A wild qualifying session set the order for the top 16 starting positions for Saturday’s
Monster Energy All-Star Race at Charlotte Motor Speedway, with Kyle Larson winning the pole for the first time in this event.
Some 20 drivers will start the all-star race, which pays $1 million to win but doesn’t pay any points.
The all-star race has its own unique qualifying format: Each of the 16 drivers had to do three laps, with a mandatory four-tire pit stop with no pit-road speed limit. Then, the five fastest drivers had to repeat the process in Round 2.
The final four positions in the big race will go to the winners of each of the three stages in the last chance, 50-lap Monster Energy Open preliminary tomorrow, as well as the winner of the Monster Energy Fan Vote.
Here’s where the top 16 drivers qualified for the Monster Energy All-Star Race:
Kyle Larson, 143.849 miles per hour
The Monster Energy NASCAR Cup Series points leader had lots of speed in his Chip Ganassi Racing Chevrolet. In Round 2, Larson’s rear-tire changer slipped on a hose and fell, but quickly recovered.
Kyle Busch, 143.826 mph
Hard to believe that as good as Busch is, he’s still looking for his first all-star victory and only the second for Joe Gibbs Racing. Busch does have three all-star poles and he was the only JGR driver to qualify in the top five. A solid effort for Busch, but not enough for a fourth pole. Close though.
Kevin Harvick, 143.540 mph
Harvick was the first driver to go out in Round 1, which means he went out when the track was hottest. But he still was fastest in the No. 4 Stewart-Haas Racing Ford in Round 1. He didn’t gain on it in Round 2, though.
Jimmie Johnson, 133.123 mph
Although he has a record four all-star wins, Johnson has only won the pole for this event one time. He had a good run in the first round, when he clocked in fourth. But in Round 2, Johnson drove through his pit stall and lost his chance at a poll. And when slid past his stall, the No. 48 crew went over the wall, earning a 5-second penalty.
Kurt Busch, 132.703 mph
A past series champion, past all-star winner and 2017 Daytona 500 winner, Busch had a fast car like his Stewart-Haas Racing teammate Kevin Harvick. In the end, Harvick narrowly edged Busch in Round 1. But two loose lug nuts knocked him out of contention.
Dale Earnhardt Jr., 143.136 mph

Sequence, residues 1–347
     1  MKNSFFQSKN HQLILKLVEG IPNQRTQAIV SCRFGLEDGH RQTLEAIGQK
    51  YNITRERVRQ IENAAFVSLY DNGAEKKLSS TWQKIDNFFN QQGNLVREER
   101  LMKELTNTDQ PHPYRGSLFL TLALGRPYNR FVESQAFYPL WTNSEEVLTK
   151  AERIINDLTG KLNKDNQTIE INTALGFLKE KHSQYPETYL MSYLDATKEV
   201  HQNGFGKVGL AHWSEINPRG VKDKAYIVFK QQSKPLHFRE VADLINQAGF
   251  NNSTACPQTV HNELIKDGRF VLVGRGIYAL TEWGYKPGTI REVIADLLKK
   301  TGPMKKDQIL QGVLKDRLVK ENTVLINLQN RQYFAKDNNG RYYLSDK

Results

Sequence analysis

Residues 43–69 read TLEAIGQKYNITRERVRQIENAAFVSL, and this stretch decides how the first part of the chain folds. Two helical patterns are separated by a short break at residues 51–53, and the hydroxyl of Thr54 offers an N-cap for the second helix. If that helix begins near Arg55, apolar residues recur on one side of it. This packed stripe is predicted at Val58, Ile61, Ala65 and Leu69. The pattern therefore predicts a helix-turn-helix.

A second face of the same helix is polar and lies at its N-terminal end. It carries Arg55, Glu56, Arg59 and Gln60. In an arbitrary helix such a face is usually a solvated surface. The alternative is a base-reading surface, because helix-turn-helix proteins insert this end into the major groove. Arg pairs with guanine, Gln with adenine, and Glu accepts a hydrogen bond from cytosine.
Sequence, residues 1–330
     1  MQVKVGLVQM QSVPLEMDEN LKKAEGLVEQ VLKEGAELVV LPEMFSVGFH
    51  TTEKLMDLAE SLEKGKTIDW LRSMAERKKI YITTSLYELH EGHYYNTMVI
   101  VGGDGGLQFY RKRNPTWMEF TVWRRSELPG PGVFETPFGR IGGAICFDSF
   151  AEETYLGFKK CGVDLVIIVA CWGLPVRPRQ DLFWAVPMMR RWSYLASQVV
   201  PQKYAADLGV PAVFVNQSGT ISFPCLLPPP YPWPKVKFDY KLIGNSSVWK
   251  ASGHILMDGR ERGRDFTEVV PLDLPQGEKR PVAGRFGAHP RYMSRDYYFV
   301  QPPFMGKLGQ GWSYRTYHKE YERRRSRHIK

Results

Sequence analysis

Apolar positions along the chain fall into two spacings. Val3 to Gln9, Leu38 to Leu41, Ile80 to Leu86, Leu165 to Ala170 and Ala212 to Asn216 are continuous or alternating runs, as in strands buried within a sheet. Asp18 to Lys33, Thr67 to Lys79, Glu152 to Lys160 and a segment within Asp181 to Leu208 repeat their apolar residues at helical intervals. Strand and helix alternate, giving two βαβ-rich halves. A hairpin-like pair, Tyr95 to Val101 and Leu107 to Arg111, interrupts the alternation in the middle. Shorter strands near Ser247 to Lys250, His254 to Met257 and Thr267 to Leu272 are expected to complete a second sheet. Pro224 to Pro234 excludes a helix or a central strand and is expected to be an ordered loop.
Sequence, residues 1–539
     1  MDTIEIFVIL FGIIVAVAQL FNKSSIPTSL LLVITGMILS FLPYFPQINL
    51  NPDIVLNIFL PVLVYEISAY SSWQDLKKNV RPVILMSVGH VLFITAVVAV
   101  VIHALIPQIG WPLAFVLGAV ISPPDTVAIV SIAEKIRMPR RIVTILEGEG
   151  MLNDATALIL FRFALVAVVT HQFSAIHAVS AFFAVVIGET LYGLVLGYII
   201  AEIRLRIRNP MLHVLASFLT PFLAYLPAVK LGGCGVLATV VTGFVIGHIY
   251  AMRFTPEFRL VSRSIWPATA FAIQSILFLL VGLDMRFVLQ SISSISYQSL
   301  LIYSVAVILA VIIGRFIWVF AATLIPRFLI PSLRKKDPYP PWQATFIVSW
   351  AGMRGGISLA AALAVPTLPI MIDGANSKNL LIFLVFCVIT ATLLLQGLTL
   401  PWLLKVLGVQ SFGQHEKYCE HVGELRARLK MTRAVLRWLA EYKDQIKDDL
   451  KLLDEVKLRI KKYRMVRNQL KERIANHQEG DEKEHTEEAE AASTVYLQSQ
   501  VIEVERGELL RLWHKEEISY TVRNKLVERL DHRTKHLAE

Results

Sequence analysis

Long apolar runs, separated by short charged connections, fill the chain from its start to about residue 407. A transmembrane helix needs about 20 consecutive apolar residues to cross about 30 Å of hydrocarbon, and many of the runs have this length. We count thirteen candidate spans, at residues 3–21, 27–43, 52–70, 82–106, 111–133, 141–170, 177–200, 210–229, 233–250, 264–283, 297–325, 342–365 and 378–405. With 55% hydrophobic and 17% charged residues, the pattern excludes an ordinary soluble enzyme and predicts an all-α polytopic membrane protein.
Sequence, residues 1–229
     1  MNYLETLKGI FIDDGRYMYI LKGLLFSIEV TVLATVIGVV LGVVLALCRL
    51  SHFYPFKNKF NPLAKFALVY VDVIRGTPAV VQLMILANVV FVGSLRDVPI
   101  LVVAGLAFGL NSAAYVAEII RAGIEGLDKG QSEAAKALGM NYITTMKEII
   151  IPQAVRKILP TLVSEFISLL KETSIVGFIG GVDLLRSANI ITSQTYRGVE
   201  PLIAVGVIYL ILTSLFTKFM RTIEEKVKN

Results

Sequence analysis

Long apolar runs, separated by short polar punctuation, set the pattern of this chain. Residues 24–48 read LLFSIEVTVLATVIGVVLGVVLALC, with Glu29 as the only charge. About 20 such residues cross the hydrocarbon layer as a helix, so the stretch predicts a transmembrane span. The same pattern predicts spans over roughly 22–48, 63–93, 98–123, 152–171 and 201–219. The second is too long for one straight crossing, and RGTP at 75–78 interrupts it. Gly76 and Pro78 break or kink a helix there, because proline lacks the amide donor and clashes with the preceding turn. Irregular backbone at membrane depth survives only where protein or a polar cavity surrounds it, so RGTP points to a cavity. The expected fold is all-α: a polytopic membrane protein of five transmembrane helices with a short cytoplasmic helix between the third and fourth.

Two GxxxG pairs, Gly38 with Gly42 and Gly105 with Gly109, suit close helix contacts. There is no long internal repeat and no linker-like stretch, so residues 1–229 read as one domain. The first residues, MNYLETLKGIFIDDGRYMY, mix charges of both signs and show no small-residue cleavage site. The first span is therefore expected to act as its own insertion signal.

In his final all-star start, Earnhardt fought the car on his opening lap. He had a good pit stop, though, and came close to making the top five and advancing to the second round.
Brad Keselowski, 143.011 mph
The 2012 champion had a lot of tire chatter when he pulled the No. 2 Team Penske Ford onto pit road, but did not have a lot of wheelspin when he left.
Matt Kenseth, 142.176 mph
A two-time all-star pole winner, Kenseth slid through his pit stall, which required his Joe Gibbs Racing crew to push his car back into the stall.
Denny Hamlin, 141.483 mph
Forced to go to a backup car after a crash during practice, Hamlin qualified in a car that had not turned a lap prior to the time trials. An impressive performance considering.
Jamie McMurray, 139.064 mph
The surprise winner of the 2014 all-star race, McMurray has had a stellar season piloting the No. 1 Chip Ganassi Racing Chevrolet. But he slid through his pit stall on his stop, which hurt.
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Chris Buescher, 138.837 mph
In his first all-star appearance, made a clean pit stop, which was a minor victory in and off itself.
Joey Logano, 138.592 mph
Last year, Logano won this race for the first time, scoring a huge victory for the No. 22 Team Penske squad. This time, Logano wait way past where he was supposed to pit, which his speed reflected.
Kasey Kahne, 138.562 mph
The 2008 all-star race winner, Kahne slid his No. 5 Hendrick Motorsports Chevrolet through his pit box, which cost him any hope of a good qualifying spot.
Martin Truex Jr., 137.745 mph
Last week’s winner in Kansas — and last year’s Coca-Cola 600 winner — Truex has had fast Furniture Row Racing Toyotas all year. He appeared to have a solid and uneventful qualifying effort, but he had a loose lug nut, which cost him a 5-second penalty.
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Ryan Newman, 136.563 mph
After winning earlier this year in Phoenix, Newman is already having a good season. But he had a lurid slide in Turn 4, going sideways as he was coming to pit road. Although Newman made a great save, the slide for life ruined his lap.
Ricky Stenhouse Jr., 137.215 mph
Winning at Talladega put Stenhouse into the all-star race with his Roush Fenway Racing Ford. Stenhouse pitted a little deep into his pit box, which slowed his stop a little bit.